Archive for March, 2019

The Digital Sandbox of Hypertext Literature

Deklan IH

It wasn’t until I found myself clicking on the various body parts of Shelly Jackson’s digital portrait that I began to sense the deeply personal and transgressive nature of the literature I was exploring. Jackson’s my body – a Wunderkammer allows the reader to explore written memoirs revealed through interactive HTML links mapped onto an artistic image of her person, and as such forms a quintessential example of digital Hypertext literature – the distinct genre of linking, non-sequential writing.

Image: (CC)

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“Poetry is the new pop, man”: A Renaissance in Poetry in the Age of Social Media

Michelle Kent

If you have a social media profile and are yourself a teen or twenty-something, chances are that in the past few years, you’ve seen poetry popping up on your screen as you scroll along on your laptop, smartphone, or smart refrigerator with a built-in screen. You have also probably noticed that no, this poetry isn’t the work of Chaucer or Shakespeare, Wordsworth or Whitman, Pound or Plath, or any other canonical poet that you most definitely read thoroughly (and did not use SparkNotes for at all) in English classes of the past. Upon taking a closer look, you might see names like Rupi Kaur, R. M. Drake, r.h. Sin, Nikita Gill, and Amanda Lovelace appear beneath these poems. Combined, these ultra-contemporary internet poets have well over 7 million followers on Instagram. In an interview with poet Rupi Kaur, arguably the most well-known of these poets with 3.6 million Instagram followers of her own, Jimmy Fallon offhandedly states that “poetry is the new pop, man” (“Rupi Kaur Reads” 0:08). So, who are these popular poets, and what do they want from us? Beyond that, if almost everyone rolled their eyes at poetry in grade school, why is it so trendy now? Are we all in the middle of a poetry renaissance in the digital age?

Before tackling these questions, some introductions are in order. If you haven’t yet been formally introduced, please let me do the honours. Blog post reader, meet Instapoetry.

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Fighting Facebook Addiction

Kianne H.

Figure 1: “Gold iPhone 6 With Note Pads.”,

If I was to randomly ask people around campus, “what is Facebook?”, I believe every single person would be able to provide me with, at least, a general definition. If I asked, “do you or someone you know have a Facebook account?” I also can confidently assume that each person would answer yes. The reason I have such confidence on their answers is because, since being released fourteen years ago, Facebook has quickly become the largest Social Networking Site (henceforth SNS) on the internet hosting around 1.5 billion users (Marino et al 51). 1.5 billion is a very high proportion of the world’s population therefore, I suspect that many students have or know someone with a Facebook account. If I was to ask the same student or group of students, “would you consider anyone I your life a Facebook addict?” I can’t necessarily predict their answers with the same assurance as before. While I want to presume their answers would be yes, “not all people who spend large amounts of time on Facebook every day are necessarily addicted” (Kanat-Maymon et al 232) so it is difficult to accurately answer yes or no.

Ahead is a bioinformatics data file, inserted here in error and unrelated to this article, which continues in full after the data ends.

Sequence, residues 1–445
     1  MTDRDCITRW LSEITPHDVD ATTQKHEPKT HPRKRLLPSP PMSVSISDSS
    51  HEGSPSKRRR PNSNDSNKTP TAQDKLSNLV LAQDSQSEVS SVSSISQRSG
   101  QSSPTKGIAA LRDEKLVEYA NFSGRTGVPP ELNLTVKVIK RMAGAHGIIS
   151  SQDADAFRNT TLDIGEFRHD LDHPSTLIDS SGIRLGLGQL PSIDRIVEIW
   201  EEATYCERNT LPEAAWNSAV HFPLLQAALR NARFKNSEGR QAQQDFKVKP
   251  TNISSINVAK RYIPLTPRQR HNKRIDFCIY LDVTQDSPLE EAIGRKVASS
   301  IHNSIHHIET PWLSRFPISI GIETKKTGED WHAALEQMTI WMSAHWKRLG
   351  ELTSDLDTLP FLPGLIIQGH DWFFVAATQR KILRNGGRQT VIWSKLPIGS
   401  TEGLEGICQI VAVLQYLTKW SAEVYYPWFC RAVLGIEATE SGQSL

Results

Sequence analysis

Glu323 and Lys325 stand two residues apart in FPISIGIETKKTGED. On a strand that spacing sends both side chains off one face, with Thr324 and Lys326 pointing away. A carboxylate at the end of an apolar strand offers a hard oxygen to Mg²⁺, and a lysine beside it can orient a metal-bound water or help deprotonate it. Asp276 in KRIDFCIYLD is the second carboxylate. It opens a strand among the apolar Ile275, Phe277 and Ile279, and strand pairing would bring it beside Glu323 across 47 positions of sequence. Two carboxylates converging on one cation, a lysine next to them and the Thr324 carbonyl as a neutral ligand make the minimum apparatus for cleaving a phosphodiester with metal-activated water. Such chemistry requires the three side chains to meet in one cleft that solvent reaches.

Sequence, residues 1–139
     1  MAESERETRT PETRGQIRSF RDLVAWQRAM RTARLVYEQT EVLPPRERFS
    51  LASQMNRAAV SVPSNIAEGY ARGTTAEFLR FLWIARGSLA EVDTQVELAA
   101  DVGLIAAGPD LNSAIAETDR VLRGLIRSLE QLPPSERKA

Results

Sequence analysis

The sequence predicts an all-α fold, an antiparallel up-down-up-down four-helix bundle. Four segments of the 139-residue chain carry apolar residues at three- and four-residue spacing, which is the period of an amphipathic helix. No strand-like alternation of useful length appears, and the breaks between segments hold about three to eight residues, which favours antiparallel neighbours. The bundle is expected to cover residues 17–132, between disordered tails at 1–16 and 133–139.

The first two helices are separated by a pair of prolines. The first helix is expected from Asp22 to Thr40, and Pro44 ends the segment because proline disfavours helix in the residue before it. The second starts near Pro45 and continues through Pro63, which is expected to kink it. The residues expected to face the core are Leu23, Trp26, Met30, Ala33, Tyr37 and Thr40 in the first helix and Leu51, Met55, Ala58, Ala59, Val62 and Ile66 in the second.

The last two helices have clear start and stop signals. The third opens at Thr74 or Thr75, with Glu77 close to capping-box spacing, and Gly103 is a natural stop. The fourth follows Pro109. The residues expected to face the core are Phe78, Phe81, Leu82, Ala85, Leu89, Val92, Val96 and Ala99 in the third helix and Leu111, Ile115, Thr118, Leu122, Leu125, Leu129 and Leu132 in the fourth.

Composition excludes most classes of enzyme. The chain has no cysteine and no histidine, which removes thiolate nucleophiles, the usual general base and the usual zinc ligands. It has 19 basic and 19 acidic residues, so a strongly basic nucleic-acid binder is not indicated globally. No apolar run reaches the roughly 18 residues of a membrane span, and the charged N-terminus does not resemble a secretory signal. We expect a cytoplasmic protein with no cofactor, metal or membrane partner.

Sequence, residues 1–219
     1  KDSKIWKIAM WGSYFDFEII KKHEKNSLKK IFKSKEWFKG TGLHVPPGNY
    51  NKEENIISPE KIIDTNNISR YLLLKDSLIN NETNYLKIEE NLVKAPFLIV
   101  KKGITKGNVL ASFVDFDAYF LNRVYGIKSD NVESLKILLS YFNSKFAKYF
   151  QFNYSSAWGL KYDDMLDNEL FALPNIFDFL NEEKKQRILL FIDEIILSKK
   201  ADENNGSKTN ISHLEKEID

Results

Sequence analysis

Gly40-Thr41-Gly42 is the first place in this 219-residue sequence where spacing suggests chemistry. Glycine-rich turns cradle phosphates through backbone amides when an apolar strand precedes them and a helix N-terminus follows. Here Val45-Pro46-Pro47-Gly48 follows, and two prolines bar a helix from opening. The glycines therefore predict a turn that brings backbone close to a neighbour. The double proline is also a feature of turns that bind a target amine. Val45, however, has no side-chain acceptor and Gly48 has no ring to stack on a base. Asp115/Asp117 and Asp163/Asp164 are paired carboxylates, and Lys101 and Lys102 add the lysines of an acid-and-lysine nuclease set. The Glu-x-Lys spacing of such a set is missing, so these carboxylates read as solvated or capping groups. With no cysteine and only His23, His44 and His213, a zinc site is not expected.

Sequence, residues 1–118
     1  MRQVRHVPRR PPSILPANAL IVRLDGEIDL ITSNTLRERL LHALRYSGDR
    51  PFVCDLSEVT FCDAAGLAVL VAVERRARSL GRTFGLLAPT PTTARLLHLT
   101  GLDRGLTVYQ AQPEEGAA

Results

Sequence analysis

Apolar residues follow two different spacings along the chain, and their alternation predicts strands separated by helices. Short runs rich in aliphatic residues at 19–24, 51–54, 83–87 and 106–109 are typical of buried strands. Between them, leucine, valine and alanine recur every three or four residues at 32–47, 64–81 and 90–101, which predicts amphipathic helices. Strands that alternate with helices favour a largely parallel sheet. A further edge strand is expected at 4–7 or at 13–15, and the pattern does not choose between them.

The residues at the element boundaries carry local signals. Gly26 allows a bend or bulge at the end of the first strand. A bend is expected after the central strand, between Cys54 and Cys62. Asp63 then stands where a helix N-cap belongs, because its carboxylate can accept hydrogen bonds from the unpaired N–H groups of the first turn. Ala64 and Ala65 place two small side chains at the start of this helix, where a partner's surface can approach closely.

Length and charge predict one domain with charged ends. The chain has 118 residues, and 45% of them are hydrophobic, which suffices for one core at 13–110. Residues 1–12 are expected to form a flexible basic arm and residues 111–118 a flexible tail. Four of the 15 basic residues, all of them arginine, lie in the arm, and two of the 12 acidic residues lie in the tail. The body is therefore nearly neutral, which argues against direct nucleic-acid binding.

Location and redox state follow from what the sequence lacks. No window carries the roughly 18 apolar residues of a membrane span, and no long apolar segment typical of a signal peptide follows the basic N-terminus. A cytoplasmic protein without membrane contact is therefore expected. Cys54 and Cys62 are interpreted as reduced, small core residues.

With 1.5 billion active users on Facebook and more users registering each day, it is not surprising that Facebook is the largest SNS in the world. A 2018 article on Facebook use claims that, “Every minute on [Facebook], 510,000 comments are posted, 293,000 statuses are updated, and 136,000 photos are uploaded” (Biolcati et al 1). People are spending a large amount of time on Facebook, seeking social satisfaction through the likes and comments on their posts, leading to more and more becoming addicted.

Figure 2: “Four People Holding Mobile Phones.”

Personally, I have found myself in situations where I am with friends and everybody around me is on their phone. They have no interest in socializing with the people around them and instead of building and maintaining personal relationships in the moment, they socialize virtually with other people over SNS like Facebook. I could name multiple people in my life who are addicted to Facebook including my parents and some of my friends. The problem is the decrease in personal face-to-face conversations and the impact on the quality and number of relationships because individuals are spending large amounts of time behind screens.

A 2018 study explains some of the many factors contributing to Facebook addiction. Although there are many, I will address only a few including loneliness, extraversion, and neuroticism. Loneliness contributes to higher chances of succumbing to Facebook addiction because, “lonely individuals turn to FB to find companionship and relief from problems and worries related to socialization” (Biolcati et al 7). When people are lonely they will often look to build relationships and find happiness in a variety of places, like through Facebook, and the satisfaction of connecting, whether virtually or not, encourages more Facebook use. Furthermore, extraversion and neuroticism are other personality traits that can influence Facebook addiction. Just as Facebook serves as a relationship platform for people who experience loneliness, it also “provides another platform for extraverts to communicate with friends and contacts made off-line” (Biolcati et al 8). When extroverts need a communication outlet and are not surrounded by people, they will likely use social media as a communication outlet. Neurotic individuals may also be influenced to use Facebook as an outlet for their anxious feelings or perhaps to present themselves in a way that is entirely controlled by what they choose to post. “Due to their social anxiety” neurotic individuals often prefer “social networking communication… due to their social anxiety” (Biolcati et al 8). Studies show that “extraverted and neurotic individuals [are] at [a] higher risk for maladaptive use of SNSs like Facebook” (Kanat-Maymon et al 233).